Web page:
Thursday, September 9, 2010

Offered My Help To A Piano Technician!

Just now, my piano technician came by. He was telling about how people are so spoiled by computers and cell phones, no one is inclined to talk directly over the phone, how everybody wants to deal with emails and don't want to do direct human contact. I told him about the advantages of blogging, twittering to attract business, to get attention from human folks and to have serious followers.

So he said, he might take me seriously and may open a blog about giving tips to how to take care of  pianos. He said I don't know how to use computer or to blog or tweet but I may give the text to you(that is me) and you can blog for me. I said sure...why not?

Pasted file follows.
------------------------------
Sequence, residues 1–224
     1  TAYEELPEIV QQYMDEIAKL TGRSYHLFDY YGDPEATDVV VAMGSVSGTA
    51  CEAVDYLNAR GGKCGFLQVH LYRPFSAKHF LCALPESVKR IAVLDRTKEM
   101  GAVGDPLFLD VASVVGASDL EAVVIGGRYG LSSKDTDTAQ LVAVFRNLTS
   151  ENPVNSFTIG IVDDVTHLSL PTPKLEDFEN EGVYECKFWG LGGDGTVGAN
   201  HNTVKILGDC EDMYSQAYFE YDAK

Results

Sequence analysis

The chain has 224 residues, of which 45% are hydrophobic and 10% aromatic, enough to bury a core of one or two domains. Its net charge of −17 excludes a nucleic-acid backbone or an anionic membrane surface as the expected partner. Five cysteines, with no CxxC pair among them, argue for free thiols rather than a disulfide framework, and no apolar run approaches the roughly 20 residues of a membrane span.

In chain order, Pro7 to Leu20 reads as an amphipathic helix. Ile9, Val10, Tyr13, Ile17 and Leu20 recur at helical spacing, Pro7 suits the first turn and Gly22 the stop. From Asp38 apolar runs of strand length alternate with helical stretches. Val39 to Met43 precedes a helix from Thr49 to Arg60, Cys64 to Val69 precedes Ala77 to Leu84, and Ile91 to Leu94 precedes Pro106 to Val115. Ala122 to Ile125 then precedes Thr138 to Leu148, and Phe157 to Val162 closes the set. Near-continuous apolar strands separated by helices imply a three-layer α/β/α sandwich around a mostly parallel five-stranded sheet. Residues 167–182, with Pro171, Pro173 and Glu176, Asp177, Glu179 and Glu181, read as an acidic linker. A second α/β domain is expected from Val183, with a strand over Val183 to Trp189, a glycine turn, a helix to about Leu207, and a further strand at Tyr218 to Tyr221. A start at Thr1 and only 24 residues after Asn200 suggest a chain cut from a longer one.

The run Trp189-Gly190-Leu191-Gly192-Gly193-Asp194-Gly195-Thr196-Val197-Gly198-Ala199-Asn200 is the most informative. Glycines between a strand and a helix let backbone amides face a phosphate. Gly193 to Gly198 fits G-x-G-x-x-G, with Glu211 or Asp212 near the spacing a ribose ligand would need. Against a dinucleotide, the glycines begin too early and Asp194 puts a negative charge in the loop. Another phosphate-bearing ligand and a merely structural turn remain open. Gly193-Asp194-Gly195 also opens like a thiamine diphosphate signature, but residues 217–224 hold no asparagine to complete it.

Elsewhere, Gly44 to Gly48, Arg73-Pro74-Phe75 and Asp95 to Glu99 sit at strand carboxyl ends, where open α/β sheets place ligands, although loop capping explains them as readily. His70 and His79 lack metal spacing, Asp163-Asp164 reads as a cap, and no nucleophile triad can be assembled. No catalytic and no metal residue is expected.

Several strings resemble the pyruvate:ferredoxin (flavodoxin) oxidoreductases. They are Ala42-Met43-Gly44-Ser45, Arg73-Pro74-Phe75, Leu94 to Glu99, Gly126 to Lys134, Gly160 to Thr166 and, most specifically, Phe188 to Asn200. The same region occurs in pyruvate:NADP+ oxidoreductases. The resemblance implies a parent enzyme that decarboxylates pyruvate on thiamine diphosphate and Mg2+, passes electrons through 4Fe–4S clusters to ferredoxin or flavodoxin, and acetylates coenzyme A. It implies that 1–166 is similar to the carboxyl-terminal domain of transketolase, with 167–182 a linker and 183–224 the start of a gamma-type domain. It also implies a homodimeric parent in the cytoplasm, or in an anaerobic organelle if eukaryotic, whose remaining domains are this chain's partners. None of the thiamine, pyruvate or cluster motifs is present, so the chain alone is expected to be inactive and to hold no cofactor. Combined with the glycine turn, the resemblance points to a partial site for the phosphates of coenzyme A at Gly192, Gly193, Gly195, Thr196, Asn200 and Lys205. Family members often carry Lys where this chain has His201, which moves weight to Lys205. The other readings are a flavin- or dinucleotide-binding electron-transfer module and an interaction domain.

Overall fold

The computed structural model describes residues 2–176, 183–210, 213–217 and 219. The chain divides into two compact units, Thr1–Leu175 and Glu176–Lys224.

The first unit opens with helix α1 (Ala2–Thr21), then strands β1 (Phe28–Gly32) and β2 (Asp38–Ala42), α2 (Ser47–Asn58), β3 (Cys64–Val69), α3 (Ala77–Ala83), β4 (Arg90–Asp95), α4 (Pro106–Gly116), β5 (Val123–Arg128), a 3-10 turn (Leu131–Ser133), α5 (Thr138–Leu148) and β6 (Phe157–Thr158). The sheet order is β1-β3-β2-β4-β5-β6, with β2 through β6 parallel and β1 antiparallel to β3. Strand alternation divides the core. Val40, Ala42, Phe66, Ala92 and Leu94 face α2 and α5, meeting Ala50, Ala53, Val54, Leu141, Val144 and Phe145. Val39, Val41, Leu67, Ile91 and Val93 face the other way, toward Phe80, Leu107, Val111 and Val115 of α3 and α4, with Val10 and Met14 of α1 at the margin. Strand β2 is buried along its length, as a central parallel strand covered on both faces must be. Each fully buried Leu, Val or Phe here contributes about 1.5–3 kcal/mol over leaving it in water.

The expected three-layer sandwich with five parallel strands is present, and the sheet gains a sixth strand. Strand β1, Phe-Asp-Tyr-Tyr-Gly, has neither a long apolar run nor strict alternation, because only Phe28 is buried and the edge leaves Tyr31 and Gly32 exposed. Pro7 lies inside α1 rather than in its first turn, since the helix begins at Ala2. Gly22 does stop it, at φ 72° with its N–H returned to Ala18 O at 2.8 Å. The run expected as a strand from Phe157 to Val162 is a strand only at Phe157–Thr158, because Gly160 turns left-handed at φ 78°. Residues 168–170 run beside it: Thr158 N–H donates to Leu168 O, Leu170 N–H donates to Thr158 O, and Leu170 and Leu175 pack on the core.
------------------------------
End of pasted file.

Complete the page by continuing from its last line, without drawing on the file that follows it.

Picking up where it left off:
Then he told about how temperature effects piano. Subjecting it to extreme fluctuations of temperature and humidity levels can do major damage. Keeping a piano away from an outside wall was probably necessary in poorly insulated homes, but should not be a problem these days. Avoid direct sunlight on your piano - it can damage and fade the finish, or even create horrible tuning problems. Use curtains or blinds. Try and keep the temperature and humidity levels as consistent as possible in the room where you have your piano.Seasonal swings in relative humidity are the piano's greatest enemy. Swelling and shrinking of wooden parts affect tuning and keyboard touch, while extreme swings can eventually cause wood to crack and glue joints to fail. Just feather-dust the piano first (dust is abrasive, so wiping it first can cause scratches), then wipe with a soft, damp cotton cloth, wiping in the direction of the grain. Then, wipe up any excess moisture with a similar dry cloth. Do the same thing as above to clean your keys, but use separate cloths for the blacks and the whites. Don't use cleaning agents!

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